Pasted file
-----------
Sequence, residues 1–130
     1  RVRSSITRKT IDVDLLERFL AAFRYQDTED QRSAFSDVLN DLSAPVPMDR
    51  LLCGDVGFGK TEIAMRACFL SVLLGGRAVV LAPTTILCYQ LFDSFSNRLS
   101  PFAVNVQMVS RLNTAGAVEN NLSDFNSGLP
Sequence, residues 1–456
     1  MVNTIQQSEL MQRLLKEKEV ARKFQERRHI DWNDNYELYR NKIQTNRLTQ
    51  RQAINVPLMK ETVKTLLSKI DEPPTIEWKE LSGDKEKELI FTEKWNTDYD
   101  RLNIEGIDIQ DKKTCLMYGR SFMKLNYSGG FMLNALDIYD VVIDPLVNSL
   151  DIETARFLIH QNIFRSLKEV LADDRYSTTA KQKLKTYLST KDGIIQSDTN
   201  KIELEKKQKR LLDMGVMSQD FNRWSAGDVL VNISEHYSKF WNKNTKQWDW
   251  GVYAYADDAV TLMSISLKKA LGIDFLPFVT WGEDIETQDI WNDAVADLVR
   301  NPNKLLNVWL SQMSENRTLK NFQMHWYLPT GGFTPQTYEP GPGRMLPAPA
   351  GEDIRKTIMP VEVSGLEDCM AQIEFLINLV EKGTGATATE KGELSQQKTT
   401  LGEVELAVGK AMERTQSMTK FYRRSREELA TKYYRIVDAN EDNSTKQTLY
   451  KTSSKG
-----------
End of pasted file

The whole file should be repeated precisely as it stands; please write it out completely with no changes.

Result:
Sequence, residues 1–130
     1  RVRSSITRKT IDVDLLERFL AAFRYQDTED QRSAFSDVLN DLSAPVPMDR
    51  LLCGDVGFGK TEIAMRACFL SVLLGGRAVV LAPTTILCYQ LFDSFSNRLS
   101  PFAVNVQMVS RLNTAGAVEN NLSDFNSGLP
Sequence, residues 1–456
     1  MVNTIQQSEL MQRLLKEKEV ARKFQERRHI DWNDNYELYR NKIQTNRLTQ
    51  RQAINVPLMK ETVKTLLSKI DEPPTIEWKE LSGDKEKELI FTEKWNTDYD
   101  RLNIEGIDIQ DKKTCLMYGR SFMKLNYSGG FMLNALDIYD VVIDPLVNSL
   151  DIETARFLIH QNIFRSLKEV LADDRYSTTA KQKLKTYLST KDGIIQSDTN
   201  KIELEKKQKR LLDMGVMSQD FNRWSAGDVL VNISEHYSKF WNKNTKQWDW
   251  GVYAYADDAV TLMSISLKKA LGIDFLPFVT WGEDIETQDI WNDAVADLVR
   301  NPNKLLNVWL SQMSENRTLK NFQMHWYLPT GGFTPQTYEP GPGRMLPAPA
   351  GEDIRKTIMP VEVSGLEDCM AQIEFLINLV EKGTGATATE KGELSQQKTT
   401  LGEVELAVGK AMERTQSMTK FYRRSREELA TKYYRIVDAN EDNSTKQTLY
   451  KTSSKG